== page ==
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OCR for page 148
B Glossary AAER" Average annual erosion rate. ACCRETION" May be either natural or artificial. Natural accre- tion is the buildup of land, solely by the action of the forces of nature, on a beach by deposition of water or airborne material. Artificial accretion is a similar buildup of land by human ac- tions, such as accretion formed by a groin, breakwater, or beach fill deposited by mechanical means. A-ZONEb Flood hazard zone that corresponds to the 100-year floodplain; also known as Special Flood Hazard Area. BEACH NOURISHMENTa The process of replenishing a beach. It may be brought about naturally by Tongshore transport or artificially by deposition of dredged materials. BREAKWATERa A structure protecting a shore area, harbor, an- chorage, or basin from waves. COASTLINEa (~) Technically, the line that forms the boundary between the coast and the shore. (2) Commonly, the line that forms the boundary between the land and the water. NOTE: Definitions are from the Shore Protection Manual, Volume II, 1984. bFEMA definitions. CNRC committee definition. 148

OCR for page 148
APPENDIX B 149 CUSPa One of a series of low mounds of beach material separated by crescen~shaped troughs spaced at more or less regular inter- vals along the beach face. DOWNDRIFTa The direction of predominant movement of littoral materials. OZONE An area along the coast where waves and other forces are anticipated to cause significant erosion within the next 60 years and may result in the damage or Toss of buildings and infrastructure. FIRM Flood insurance rate maps. GRABENa A relatively long, narrow area of the earth's crust that has subsided between two bordering faults. In practice it can be one fault. GROINa A shore protection structure built (usually perpendicular to the shoreline) to trap littoral drift or retard erosion of the shore. JETTYa A structure extending into a body of water, designed to prevent shoaling of a channel by littoral materials and to direct and confine the stream or tidal flow. Jetties are built at the mouths of rivers or tidal inlets to help deepen and stabilize a channel. LITTORALa Of or pertaining to a shore, especially of the sea. LITTORAI~ DRIFTa The sedimentary material moved in the lit- toral zone under the influence of waves and currents. LITTORAL TRANSPORTa The movement of littoral drift in the littoral zone by waves and currents. Includes movement parallel and perpendicular to the shore. MEAN HIGH WATERa The average height of the high waters over a 19-year period. PERCHED BEACHa A beach or fillet of sand retained above the otherwise normal profile level by a submerged dike. PLANFORMa The outline or shape of a body of water as deter- mined by the stillwater line. NOTE: Definitions are from the Shore Protection Manual, Volume II, 1984. bFEMA definitions. CNRC committee definition.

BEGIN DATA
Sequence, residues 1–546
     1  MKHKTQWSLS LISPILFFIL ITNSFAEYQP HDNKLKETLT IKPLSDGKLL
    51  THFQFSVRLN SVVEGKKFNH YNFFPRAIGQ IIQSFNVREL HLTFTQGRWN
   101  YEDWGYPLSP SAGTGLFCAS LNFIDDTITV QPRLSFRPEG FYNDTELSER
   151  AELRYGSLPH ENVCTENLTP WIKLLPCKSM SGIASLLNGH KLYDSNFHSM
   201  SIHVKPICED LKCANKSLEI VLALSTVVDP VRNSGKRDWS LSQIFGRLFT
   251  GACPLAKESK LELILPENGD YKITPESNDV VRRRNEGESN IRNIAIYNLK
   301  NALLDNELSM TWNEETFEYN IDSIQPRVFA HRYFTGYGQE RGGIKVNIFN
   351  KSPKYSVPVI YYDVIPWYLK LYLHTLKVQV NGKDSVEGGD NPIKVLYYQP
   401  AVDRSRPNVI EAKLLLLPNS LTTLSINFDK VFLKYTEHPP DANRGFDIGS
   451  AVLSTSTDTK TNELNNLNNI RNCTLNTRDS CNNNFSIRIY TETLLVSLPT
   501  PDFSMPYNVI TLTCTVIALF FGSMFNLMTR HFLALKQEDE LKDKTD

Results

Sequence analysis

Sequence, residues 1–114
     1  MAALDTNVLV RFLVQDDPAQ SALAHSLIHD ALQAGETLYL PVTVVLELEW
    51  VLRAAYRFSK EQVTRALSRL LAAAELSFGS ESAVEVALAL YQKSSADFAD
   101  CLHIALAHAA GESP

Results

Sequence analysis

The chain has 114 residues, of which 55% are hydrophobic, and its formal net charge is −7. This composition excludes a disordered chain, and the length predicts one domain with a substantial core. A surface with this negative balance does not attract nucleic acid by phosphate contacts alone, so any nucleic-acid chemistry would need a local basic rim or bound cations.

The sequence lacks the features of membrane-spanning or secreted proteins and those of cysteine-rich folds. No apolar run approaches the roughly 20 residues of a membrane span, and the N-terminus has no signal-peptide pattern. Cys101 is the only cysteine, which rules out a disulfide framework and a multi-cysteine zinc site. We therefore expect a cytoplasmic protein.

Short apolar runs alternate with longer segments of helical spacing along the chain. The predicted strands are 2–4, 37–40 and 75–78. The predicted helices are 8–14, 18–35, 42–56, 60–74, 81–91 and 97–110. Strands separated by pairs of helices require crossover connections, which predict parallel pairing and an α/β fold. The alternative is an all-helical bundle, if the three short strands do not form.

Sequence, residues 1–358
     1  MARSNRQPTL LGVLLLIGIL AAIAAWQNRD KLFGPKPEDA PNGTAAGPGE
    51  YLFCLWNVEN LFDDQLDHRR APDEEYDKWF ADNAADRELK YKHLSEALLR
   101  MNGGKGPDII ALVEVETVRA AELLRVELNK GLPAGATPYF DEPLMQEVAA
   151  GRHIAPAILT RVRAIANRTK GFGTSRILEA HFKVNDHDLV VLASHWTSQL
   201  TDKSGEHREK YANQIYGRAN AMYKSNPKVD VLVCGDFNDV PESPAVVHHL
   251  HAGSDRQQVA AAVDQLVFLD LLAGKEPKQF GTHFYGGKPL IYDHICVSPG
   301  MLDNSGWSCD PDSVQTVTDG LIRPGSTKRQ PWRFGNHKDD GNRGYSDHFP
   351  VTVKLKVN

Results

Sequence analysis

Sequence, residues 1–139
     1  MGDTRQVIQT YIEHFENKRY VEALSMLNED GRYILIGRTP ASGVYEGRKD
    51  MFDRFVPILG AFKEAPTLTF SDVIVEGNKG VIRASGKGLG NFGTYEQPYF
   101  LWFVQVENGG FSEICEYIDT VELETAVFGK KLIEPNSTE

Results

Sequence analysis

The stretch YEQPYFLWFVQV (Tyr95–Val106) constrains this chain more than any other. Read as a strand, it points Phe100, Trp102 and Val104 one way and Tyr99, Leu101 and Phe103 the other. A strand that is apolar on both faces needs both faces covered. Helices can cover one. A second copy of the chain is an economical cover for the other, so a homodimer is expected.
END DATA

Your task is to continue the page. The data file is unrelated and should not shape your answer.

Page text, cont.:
OCR for page 148
150 APPENDIX B POCKET BEACH A beach, usually small, in a coastal reentrant or between two littoral barriers. REVETMENTa A facing of stone, concrete, etc., built to protect a scarp, embankment, or shore structure against erosion by wave action or currents. SAND WAVEa A large wavelike sediment feature composed of sand in very shallow water. Wave length may reach 100 meters; am- plitude Is about 0.5 meter. SCARPa An almost vertical slope along the beach caused by erm sion by wave action. It may vary in height from a few centimeters to a meter or so, depending on wave action and the nature and composition of the beach. SEAWALLa A structure separating land and water areas, primarily designed to prevent erosion and other damage from wave actions. SHOREa The narrow strip of land in immediate contact with the sea, including the zone between high and low water lines. A shore of unconsolidated material usually is called a beach. SHORELINEa The intersection of a specified plane of water with the shore or beach. The line delineating the shoreline on natural ocean service nautical charts and surveys approximates the mean high water line. UPDRIFTa The direction opposite that of the predominant move- ment of littoral materials. V-ZONEb Flood hazard zone that corresponds to the Midyear floodplain that is subject to high velocity wave action from coastal storms or seismic sources; also know as Coastal High Hazard Area. WIND TIDEa The vertical rise in the stillwater level on the leeward side of a body of water caused by wind stresses on the surface of the water. NOTE: Definitions are from the Shore Protection Manual, Volume II, 1984. bFEMA definitions. CNRC committee definition.